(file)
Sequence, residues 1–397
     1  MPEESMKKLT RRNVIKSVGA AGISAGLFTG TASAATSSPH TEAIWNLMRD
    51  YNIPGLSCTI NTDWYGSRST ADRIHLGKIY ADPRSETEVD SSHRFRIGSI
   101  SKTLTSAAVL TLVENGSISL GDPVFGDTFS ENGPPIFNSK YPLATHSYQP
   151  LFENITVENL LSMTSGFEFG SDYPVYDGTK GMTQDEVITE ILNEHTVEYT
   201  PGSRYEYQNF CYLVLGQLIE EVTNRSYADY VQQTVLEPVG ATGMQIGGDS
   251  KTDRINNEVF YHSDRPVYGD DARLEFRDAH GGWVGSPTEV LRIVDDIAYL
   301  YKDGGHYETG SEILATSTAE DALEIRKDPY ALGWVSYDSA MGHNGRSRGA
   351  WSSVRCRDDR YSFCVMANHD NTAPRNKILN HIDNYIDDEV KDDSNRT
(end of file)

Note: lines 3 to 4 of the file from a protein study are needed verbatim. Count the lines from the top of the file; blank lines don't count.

    51  YNIPGLSCTI NTDWYGSRST ADRIHLGKIY ADPRSETEVD SSHRFRIGSI
   101  SKTLTSAAVL TLVENGSISL GDPVFGDTFS ENGPPIFNSK YPLATHSYQP